The peoples outside modern western culture would not recognize themselves in the word sexuality, with the meaning we assign it today, nor would they associate with sexuality the same kind of experiences, with the specific practices, habits and institutions, we are accustomed to.
However, if it was possible to make a journey in time, much like what anthropologists have been able to do since the XIX century, studying the last few remaining primitive societies still existing, we would verify that we haven’t invented much more than what our ancestors had tried or known. A thorough interpretation of their traces, especially in the arts, as well as the likely analogies with the present primitive societies, which constitute the two methods available to recover a historical reality forever lost, allow us to draw some general conclusions and carefully take a distance from our inevitable ethnocentrism.
Like today, body and pleasure were the subject of social concern, and were kept under taboos and rules, which, because they didn’t coincide with ours, misled some early researchers who mistakenly thought to be in the presence of human communities comparatively far more permissive than ours. Indeed, there were prohibitions and obligations, but they were other than today’s and were always linked with the belief systems, myth and magic, which reconciled the relationships with one’s self, with kin and with nature.
Thus, the experience they had with what we identify and isolate today as sexuality (with everything we now include in it, such as our perceptions, classifications and categories of hetero and homosexuality, paraphilia, perversion and normality, and a long etc.), show us they did not perceive themselves as we perceive ourselves today and for that reason, we cannot reduce them, without harm, to our values and models, in turn also in constant change. What we understand and experience as sexuality, was, in their societies, inextricably linked with economic activities, gathering, agriculture, hunting and fishing, that allowed individual and collective survival, integrated in the social relationships structured by kinship in extended family clans, organized by the symbolical differentiation of masculinity and femininity, or by the mythical representations of the natural cycles and of genre relations – which are not homologous to our own.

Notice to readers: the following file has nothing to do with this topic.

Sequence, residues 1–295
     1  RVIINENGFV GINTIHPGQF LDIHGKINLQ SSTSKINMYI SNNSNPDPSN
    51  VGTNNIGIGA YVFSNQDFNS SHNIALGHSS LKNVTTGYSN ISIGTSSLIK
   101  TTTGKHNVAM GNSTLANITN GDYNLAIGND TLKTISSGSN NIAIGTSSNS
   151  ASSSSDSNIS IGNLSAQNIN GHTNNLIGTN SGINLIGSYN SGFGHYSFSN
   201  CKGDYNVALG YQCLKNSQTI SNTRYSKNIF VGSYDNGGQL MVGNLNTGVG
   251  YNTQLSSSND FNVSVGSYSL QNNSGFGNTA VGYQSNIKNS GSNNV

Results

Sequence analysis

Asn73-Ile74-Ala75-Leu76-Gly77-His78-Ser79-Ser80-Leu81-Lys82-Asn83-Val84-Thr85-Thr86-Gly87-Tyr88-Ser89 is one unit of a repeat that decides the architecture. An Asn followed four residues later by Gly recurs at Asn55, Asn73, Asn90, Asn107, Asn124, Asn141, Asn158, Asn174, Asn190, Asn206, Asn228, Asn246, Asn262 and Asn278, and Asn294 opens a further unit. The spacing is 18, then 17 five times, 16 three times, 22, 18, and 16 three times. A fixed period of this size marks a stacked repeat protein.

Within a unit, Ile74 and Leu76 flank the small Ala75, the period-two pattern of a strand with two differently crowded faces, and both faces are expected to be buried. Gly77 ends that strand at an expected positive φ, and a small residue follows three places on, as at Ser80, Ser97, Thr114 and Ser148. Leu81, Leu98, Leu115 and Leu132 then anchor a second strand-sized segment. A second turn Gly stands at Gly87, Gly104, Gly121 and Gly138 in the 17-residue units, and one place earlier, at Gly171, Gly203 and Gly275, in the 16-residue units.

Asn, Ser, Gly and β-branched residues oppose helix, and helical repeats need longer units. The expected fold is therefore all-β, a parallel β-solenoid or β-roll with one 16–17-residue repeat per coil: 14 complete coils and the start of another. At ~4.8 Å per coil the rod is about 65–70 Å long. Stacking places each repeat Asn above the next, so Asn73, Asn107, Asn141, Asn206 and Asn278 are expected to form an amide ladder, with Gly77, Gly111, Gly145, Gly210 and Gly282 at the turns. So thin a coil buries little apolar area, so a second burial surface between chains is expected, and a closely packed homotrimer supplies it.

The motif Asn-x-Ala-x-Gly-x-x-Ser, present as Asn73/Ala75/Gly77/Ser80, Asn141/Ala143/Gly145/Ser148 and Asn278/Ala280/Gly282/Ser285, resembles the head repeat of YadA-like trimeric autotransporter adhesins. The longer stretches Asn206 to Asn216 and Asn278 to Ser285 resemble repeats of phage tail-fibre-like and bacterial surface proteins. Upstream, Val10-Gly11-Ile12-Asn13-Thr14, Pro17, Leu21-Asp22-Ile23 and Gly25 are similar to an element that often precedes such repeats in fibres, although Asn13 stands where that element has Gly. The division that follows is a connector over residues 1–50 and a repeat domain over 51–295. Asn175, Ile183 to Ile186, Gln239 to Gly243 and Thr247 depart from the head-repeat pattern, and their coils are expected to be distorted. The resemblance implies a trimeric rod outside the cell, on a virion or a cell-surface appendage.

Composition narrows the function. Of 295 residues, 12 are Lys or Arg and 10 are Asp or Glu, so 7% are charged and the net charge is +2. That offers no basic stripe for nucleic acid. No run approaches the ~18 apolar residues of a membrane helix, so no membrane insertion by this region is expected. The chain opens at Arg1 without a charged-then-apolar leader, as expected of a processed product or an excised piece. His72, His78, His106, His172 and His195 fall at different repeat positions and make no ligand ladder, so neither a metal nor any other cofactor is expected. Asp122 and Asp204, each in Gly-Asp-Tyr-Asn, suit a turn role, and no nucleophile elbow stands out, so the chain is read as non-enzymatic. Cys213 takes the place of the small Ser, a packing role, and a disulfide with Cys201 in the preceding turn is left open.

Unlike current popular thinking, our ancestors were not more “natural” or less “civilized” in the use they made of their bodies, as we sometimes want to believe.
Works of art like Willendorff’s Venus are emblematic of this “symbolical capital”. The Venus’ prominent breasts and belly reveal a fertility integrated in the reproductive cycle of cosmic and seasonal renewal, the specific difference of femininity as opposed to masculinity, the prosperity of the clan and the community, the social value of motherhood and of the woman as an individual and the concomitant position in social hierarchy, a model of beauty and inherent desirability, mark of the gods’ favour and pledge of human success. These were the attributes of a goddess-mother, which doesn’t mean we haven’t received representations of the woman as warrior.
In turn, and on what concerns masculinity, it was common, and also in pre-Mediterranean societies where the peoples of Foz Côa are included, the phallic representation of males of animal species (namely the bull) but also of human beings.
This representation associated natural virility with civic virility and biological fertility with material prosperity, successful hunting with social power, physical gifts with the ability of seduction and conquest and, in the same measure, the ability to meet the needs of one’s family and community, and the rivalry and competition before male counterparts.
Nonetheless, there is also evidence of representations of the inversion of sexual and social roles, recognised and appreciated, probably associated with shamanism, evoking the North American berdaches.
In the differences that separate and repel us, paradoxically uniting and attracting, we retrieve how much there is of modern in them and of primitive in us.
A. Joyce, Rosemary - Ancient Bodies, Ancient Lives. Sex, Gender, and Archaeology. London: Thames & Hudson, 2008.